One of my daughters is 37 year old. That places her squarely in what is called Generation X, or the group that follows the Baby Boomers. These are the folks that will inherit whatever the 76 millions Boomers leave behind (the good, the bad, and the ugly).
Recently she was visiting us between business trips. At one point she said, "You guys are not like retired people." That caught my attention. After 17 years away from working world I would have thought we were about as close to "retired people" as one could find.
So, I asked what she meant. Her answer was important because it revealed an image issue that is probably quite common. She meant that Betty and I are active, have many interests, find new things to do and try, and aren't content to just watch the clock tick.
Her description of her parents fits most of the folks who read this blog and those who leave comments. Being active, learning and trying something different...that seems about right for most of the retired people I know, both in person and through this blog.
I asked her a followup question: "What retired people do you know who aren't like us?" She named some couples who spend most of their time playing golf, going to cocktail parties, watching TV, or stuck in a routine that rarely varies. In her mind that is what the majority of retired people do; mom and dad are outliers.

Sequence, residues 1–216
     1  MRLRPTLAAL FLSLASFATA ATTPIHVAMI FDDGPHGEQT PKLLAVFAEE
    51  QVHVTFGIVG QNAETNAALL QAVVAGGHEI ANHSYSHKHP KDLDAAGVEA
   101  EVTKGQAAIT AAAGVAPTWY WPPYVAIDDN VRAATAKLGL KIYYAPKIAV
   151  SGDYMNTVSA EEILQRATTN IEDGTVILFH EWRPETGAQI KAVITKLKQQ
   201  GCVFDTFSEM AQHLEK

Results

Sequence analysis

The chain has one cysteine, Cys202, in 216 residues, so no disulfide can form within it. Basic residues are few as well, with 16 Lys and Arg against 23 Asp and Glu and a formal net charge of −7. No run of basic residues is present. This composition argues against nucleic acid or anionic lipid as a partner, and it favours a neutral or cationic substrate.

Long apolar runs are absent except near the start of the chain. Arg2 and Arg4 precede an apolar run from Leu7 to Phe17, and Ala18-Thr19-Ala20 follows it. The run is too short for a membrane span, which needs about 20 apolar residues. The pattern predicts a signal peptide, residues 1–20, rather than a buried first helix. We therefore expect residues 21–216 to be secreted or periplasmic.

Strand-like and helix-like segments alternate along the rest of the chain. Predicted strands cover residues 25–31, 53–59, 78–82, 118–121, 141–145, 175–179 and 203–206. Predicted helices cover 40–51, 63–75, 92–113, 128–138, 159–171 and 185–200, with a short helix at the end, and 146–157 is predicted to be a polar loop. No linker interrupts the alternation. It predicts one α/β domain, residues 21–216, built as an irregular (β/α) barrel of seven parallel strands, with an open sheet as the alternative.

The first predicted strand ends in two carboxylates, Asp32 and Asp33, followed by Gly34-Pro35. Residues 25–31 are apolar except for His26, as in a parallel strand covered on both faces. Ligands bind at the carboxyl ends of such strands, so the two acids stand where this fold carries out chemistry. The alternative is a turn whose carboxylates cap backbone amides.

Her assumptions put in focus an image problem that retirement continues to have, especially with younger people, about how we spend this stage of our life. And, that is important because it probably influences their likelihood of planning for their own retirement. If they see it as a dull, static part of life, then why would they ever want to retire?
If retirement is the end of the road, then saving for that future wouldn't be an important priority. Keeping one's health as long as possible, maintaining a stimulated brain....why worry if it is only used for watching TV or playing Bunco?
I propose no grand solution, just some common sense steps. What can we do to help change the outmoded ideas that the younger generation has of retirement? Spend more time with those in their 30's and 40's if that is an option for you. Join clubs or volunteer organizations that have a nice mix of age groups. Go to events at school or church in which grandkids participate...that will put you in close contact with parents of this age group.
Live outside a retirement community if that fits your needs and interact with dog walkers, kids and parents in the park, your neighbors. If you need to shop, don't go when you are feeling grumpy or out of sorts. Your attitude in public can go a long way to dispelling the image of the angry old person!
Obviously, it is not our sole responsibility to change a flawed perception of retirement. Movies and TV do a great job of pigeon-holing us as has-beens or confused oldsters. Sometimes our reluctance to embrace new technology, or change in any form feeds that perception.
What we can do is live a life that belies that stereotype, in full public view, and chip away at the wrong image, one swing at a time.